I steal them! Kemp was lifted from NCIS LA, Hoyt from DUST (both characters played by Cliff Simon.) I have a Phoebe which is close to Phryne and she is very much like Miss Fisher (if she hunted werewolves instead of solving murders.) Anthian is a nod to my long love of Doctor Who actor Anthony Ainley.

I try to name characters for their personality in the first place and the genre in the second. For instance, Ironhaven‘s Genevieve was named for film which featured racers having to find inventive methods to mend their rally car, and because it was a popular Victorian name (Ironhaven has a steampunk feel though it’s not strictly that genre.)

WriYe Blogging Circle | Publishing

Is publishing something you aim for? Why or why not?

When I was writing fan fiction, I “published” on fan-fic sites such as fanfiction.net and AO3, but oddly when I made the move to original fiction, publishing wasn’t something I considered for a few years. I knew I wasn’t writing well enough to publish at that point.

That changed after I realised that fiction is a two-part process – writing is the first part, having your stories read is the second.

Which route would you choose, self-publishing or traditional publishing?

Since my comfort zone was novella-length, I was somewhere between the two. Few traditional publishers will take a novella from an unknown author, so I looked at smaller independent ones. Ironhaven was published as an e-book through Decadent Publishing, while everything else found a home at Champagne Books.

WriYe Blogging Circle | Starting

Why did you start writing?

Though I’ve been a fan of sci fi shows since I was small, it’s rarely the main character(s) who piques my attention. I’m more drawn to side characters and, obviously if you look at my blog’s subtitle, the bad guys. However, since sci fi shows are all about the good guys, I was left wanting the bad guy’s stories.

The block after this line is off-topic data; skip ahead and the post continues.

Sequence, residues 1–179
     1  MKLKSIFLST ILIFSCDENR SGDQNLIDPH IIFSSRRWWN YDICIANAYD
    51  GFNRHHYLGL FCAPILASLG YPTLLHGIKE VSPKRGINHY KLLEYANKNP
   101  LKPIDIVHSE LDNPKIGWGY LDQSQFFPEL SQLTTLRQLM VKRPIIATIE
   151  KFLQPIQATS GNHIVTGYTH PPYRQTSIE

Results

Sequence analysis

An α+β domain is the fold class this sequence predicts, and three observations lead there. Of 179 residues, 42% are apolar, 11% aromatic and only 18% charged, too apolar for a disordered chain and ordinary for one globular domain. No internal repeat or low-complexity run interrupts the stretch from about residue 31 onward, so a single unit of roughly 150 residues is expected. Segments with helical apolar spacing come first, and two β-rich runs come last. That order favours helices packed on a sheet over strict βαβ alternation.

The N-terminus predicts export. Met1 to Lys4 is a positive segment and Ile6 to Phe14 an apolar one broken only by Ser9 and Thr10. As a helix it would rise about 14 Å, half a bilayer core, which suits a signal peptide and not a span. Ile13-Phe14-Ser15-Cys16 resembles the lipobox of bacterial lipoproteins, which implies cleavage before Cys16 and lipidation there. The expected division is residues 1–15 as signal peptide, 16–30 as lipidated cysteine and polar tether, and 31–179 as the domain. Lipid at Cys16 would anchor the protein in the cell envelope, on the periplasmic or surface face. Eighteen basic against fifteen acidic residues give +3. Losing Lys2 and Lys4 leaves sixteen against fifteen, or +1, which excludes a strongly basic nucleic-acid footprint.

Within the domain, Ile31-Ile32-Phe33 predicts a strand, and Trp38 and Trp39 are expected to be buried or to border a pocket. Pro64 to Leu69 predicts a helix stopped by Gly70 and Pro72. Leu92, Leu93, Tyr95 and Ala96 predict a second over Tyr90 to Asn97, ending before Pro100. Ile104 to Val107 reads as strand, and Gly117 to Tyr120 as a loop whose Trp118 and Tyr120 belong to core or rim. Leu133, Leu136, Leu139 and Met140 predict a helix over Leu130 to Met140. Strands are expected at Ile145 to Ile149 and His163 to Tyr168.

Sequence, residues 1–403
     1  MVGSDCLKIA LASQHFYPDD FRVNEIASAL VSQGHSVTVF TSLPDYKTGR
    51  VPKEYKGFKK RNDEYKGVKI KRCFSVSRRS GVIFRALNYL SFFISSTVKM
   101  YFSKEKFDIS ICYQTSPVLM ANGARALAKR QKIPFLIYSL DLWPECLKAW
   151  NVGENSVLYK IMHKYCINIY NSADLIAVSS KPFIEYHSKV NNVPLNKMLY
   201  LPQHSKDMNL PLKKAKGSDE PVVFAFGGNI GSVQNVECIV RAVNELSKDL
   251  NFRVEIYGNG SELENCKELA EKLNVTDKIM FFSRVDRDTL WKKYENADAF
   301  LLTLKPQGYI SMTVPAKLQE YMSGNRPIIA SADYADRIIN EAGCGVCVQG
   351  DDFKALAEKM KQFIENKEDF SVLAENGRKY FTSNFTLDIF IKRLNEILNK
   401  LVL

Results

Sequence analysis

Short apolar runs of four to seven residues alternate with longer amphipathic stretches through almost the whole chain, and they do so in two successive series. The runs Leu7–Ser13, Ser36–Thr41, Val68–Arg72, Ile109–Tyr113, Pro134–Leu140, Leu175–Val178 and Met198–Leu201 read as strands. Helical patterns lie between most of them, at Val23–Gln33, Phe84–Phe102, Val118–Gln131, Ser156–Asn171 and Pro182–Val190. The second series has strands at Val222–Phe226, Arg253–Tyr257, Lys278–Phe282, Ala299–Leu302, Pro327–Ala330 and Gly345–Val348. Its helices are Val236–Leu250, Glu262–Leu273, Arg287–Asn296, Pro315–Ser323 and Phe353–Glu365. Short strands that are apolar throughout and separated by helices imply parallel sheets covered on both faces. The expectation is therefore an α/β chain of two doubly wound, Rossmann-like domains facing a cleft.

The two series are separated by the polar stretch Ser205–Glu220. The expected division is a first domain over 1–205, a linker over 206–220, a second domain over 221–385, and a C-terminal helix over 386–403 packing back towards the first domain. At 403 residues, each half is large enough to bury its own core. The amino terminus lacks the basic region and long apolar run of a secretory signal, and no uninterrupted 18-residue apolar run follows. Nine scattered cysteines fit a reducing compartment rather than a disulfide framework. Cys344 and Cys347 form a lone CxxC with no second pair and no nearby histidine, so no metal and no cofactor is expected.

So I started writing by telling those stories. It all comes from a burning need to find out what makes the bad boys tick.

How has your writing improved since you first started?

I’m much better at telling longer stories, and upping the tension. Basic writing skills have improved as well, and I’ve learnt to self-edit.

WriYe Blogging Circle | Genre

What does genre mean to you? Do you have a “home” genre? Or are you a genre hopper and are comfortable in just about any one?

Genre is, officially, the categorisation of books, but really it goes much deeper than that. Sure, having a book labelled as “romance” or “science fiction” means it goes on a certain shelf at Waterstones, but to the person picking that book up? Genre comes with rules. Break them and you’ll be sorry.

For instance, my “home” genre is romance. I tend to write in the sub-genre of sci fi romance, but it’s the romance rules that I follow. THE rule you have to stick to in romance is the Happy Ending. Without that, you’ve written a love story, which is fine, as long as it’s pitched as that. Pitch it as a romance and deny readers that feel good factor? Not a good idea.

I write romance because, despite a pretence at otherwise, I’m a die-hard romantic. There’s nothing better than writing characters who are polar-opposites and yet manage fall in love. Often with a lot of bickering along the way, but that’s even better!

Do you read the same genre you write? If yes, why? And if no, why not?

Hell yes! Romance is the best thing. It can be light and fluffy or dark and dramatic, but you’re guaranteed that everything works out in the end. I like that. It’s hopeful, and God knows we need hopeful right now.